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By Nickunj Malik - Nov 30,2016 - Last updated at Nov 30,2016
There were so many comical moments during our daughter’s marriage ceremony last week that if I sat down to list them, I could compile an entire tome. From the Japanese tourists who came uninvited to the function, to one relative garlanding himself instead of exchanging the welcome garlands with another relation, to the chief photographer asking the Indian priest to move aside in the midst of the rituals so that he could photograph the bridegroom, to the Jordanian sunbathers in the nearby pool area who broke into impromptu applause as the bride walked in; the complete sequence was like an endless series of spontaneous hilarity.
It was not supposed to be like this. The customary rites for the first Hindu wedding at the Dead Sea had to be solemn. Following an ancient Vedic tradition, my husband and I had fasted for the whole day before placing our daughter’s hand over our brand-new son-in-law’s palm when the pundit instructed us to do so. It symbolised the handing of responsibility, according to our old patriarchal custom, from a father to a husband. It was a good thing that our feminist daughter could not understand the Sanskrit chanting or else she would have challenged it wholeheartedly. We raised her to believe in being capable of shouldering her own responsibilities and she needed no assistance in doing that.
My spouse had a stern look on his face initially because I think he was trying to keep a firm reign over his emotions. He kept telling me repeatedly that it was the happiest day of his life and he could not understand why people expected him to feel sad. Only trouble was that his expressions did not match his words. “Maybe he is hungry,” said the voice in my head. I avoided looking at him too closely because I had tears blinding my own eyes. The sombre religiosity of the service overwhelmed me.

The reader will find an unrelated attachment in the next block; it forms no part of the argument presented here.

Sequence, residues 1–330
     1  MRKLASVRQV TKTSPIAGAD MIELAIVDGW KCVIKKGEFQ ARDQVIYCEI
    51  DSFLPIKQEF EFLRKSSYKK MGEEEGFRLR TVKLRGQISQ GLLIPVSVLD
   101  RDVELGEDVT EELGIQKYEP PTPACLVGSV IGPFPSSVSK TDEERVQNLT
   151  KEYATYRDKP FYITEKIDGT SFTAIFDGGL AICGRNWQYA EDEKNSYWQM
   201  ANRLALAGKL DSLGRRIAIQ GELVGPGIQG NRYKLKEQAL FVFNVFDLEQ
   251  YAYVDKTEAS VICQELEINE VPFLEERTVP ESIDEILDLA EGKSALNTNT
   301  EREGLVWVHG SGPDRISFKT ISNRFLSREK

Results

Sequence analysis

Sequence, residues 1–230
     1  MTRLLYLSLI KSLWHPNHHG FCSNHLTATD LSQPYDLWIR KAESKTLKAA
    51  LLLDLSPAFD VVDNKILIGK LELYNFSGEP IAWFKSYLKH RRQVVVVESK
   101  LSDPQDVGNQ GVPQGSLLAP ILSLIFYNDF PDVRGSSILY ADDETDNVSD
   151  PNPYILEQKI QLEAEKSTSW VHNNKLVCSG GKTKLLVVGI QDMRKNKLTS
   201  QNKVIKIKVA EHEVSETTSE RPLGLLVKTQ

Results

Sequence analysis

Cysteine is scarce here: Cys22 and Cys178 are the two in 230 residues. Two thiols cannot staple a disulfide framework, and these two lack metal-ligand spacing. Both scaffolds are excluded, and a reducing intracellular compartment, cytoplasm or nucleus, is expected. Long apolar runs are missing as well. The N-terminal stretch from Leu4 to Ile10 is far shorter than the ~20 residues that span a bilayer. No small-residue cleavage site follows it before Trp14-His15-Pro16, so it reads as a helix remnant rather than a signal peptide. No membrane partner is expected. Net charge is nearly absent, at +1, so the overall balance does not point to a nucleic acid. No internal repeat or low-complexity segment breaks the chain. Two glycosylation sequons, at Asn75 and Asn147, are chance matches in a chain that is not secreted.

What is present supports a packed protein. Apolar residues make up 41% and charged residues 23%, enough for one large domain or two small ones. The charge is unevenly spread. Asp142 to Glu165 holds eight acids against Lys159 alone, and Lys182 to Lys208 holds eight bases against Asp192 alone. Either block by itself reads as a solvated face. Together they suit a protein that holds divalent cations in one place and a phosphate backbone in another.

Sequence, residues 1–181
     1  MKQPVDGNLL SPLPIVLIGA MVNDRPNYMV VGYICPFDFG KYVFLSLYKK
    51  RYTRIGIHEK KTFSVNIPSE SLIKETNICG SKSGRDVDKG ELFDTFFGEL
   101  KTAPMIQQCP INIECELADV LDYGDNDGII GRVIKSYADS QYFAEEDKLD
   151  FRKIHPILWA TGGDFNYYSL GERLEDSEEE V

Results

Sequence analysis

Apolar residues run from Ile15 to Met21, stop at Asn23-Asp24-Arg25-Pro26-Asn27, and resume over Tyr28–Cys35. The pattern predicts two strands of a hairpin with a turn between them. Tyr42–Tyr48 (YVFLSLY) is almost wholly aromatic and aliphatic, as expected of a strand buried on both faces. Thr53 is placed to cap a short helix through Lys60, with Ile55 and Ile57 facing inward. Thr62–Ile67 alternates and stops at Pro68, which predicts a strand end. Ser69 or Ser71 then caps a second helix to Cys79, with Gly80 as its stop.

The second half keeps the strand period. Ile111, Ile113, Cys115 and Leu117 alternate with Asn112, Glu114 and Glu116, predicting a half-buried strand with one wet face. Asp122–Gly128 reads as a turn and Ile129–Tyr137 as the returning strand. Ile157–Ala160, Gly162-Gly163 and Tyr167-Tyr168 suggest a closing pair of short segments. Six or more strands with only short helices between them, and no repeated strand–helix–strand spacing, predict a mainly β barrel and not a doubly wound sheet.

Staring at the holy fire that was burning in an iron pit right the middle of the ceremonies helped to calm my nerves. A similar fire had burned at my own wedding and it witnessed all the vows that I had made. The cycle was being repeated all over again even though half of the people, who were present then, including my parents, had by now left for their heavenly abode. But the fire was a constant and therefore we prayed to it.
Suddenly I saw a person behind a camera lens, almost touching the carpeted floor. The rest of his body was under the stage but his lensed head was imploring the priest to move aside. The pundit shifted slightly to accommodate him while continuing to chant the mantras. But abruptly, 10 or 15 arms holding cellphones, appeared from thin air as everyone from the audience got a clear glimpse of the bride and the groom. There was a mad scramble for selfies. The photographer pleaded with the priest again, to give him some more room. The pundit altered his position significantly, but once more there was a rush of cellphone picture takers.
The chief photographer’s face was a study in misery. I looked around wondering what the priest would do next.
“He should make us all stand up,” I whispered.
“For better photo angle?” my spouse asked.
“For better peace,” I mumbled.
There was a moment’s silence as the pundit read my thoughts.
“All rise,” he instructed.
“Thank God!” the photographer said, heaving a sigh of relief.
Jordanians and visitors from several countries had a chance on Saturday to attend an array of Asian wedding ceremonies and learn about their unique features, songs and traditions during a fund-raising event.
As the countdown to our daughter’s wedding approaches, I am keeping myself incessantly busy.
It is quite a politically incorrect thing to say these days, but I love being married.
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